Small Chinese banks are taking away business from their bigger, state-owned rivals with simple offerings such as higher interest rates.
"Big banks face strong pressure due to drains from their deposit accounts, and they also need to prepare for the first half-year's assessment," said a dealer at a Chinese bank in Shanghai.
Deposits at China's "Big Four" banks dropped by US$43 billion in the first two weeks of this month, said the 21st Century Business Herald, a Chinese financial newspaper.
Money dealers said China's big banks were being challenged by higher deposit rates being offered by smaller banks. Dealers said rates are rising as big banks seek more funds because of deposit outflows following recent changes in rate offerings.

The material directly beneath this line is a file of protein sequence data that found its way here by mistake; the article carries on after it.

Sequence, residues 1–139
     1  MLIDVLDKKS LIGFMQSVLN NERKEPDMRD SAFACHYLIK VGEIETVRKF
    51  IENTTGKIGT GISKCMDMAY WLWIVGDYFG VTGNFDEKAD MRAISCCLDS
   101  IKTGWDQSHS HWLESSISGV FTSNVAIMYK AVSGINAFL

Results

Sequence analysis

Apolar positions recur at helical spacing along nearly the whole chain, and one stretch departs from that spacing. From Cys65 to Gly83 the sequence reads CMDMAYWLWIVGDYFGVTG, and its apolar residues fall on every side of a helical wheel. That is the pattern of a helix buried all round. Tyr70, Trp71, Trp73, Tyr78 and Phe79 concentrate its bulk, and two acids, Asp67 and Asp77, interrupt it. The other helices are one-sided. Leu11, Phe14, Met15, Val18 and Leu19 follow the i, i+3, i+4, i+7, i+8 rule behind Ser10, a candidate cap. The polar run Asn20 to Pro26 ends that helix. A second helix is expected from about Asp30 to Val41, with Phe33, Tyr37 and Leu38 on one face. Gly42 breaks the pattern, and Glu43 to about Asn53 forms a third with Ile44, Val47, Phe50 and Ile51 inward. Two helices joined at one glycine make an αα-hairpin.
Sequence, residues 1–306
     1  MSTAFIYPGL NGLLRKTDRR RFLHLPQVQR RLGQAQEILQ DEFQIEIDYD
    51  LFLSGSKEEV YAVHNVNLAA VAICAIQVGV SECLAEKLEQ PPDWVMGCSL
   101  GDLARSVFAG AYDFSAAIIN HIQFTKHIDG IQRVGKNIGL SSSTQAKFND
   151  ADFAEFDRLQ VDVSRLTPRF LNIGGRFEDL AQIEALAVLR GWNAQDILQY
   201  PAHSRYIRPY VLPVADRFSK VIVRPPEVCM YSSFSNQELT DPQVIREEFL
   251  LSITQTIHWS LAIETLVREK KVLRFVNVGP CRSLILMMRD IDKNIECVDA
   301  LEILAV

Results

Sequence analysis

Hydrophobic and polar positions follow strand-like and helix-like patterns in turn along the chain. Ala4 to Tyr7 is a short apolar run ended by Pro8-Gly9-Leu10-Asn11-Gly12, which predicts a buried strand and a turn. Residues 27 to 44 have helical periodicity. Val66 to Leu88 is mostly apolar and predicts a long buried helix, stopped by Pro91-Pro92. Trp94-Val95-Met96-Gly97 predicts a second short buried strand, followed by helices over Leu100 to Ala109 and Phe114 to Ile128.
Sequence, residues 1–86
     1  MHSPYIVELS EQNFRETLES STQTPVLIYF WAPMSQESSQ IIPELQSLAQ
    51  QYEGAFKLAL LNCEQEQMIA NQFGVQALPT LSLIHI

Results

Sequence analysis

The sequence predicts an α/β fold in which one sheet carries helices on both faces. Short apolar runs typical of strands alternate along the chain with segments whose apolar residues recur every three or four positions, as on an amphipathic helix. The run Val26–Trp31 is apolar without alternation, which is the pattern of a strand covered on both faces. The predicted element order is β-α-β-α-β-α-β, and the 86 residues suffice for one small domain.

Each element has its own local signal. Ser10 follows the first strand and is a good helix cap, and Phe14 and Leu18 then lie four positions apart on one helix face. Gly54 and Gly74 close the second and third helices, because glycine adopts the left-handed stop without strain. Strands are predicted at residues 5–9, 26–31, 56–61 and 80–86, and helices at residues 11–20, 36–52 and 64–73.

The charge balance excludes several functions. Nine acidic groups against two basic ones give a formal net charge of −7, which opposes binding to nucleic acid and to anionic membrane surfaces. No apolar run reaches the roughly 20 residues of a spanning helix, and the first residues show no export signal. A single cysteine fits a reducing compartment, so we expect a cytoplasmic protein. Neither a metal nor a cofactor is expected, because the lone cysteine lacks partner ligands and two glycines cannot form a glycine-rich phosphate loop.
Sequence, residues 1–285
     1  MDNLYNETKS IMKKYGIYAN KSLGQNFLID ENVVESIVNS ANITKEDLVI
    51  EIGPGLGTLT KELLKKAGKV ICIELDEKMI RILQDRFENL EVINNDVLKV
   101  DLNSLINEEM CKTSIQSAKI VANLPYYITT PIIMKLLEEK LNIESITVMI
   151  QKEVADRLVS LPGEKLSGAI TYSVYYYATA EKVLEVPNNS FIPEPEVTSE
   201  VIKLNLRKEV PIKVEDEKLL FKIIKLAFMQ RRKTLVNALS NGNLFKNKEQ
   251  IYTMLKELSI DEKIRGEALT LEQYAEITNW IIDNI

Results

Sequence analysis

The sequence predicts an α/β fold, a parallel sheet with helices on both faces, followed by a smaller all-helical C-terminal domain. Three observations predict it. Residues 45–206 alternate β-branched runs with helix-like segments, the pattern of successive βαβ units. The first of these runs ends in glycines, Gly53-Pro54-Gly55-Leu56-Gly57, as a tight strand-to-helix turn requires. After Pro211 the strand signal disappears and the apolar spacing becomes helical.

The People’s Bank of China, the central bank, this month cut the official rate on one-year deposits to 3.25% as part of a move to stimulate economic growth. It did, however, allow banks to exceed this benchmark.
Banks can now offer rates of up to 110% of the benchmark, or up to 3.58% currently, which small banks are exploiting against their larger rivals.
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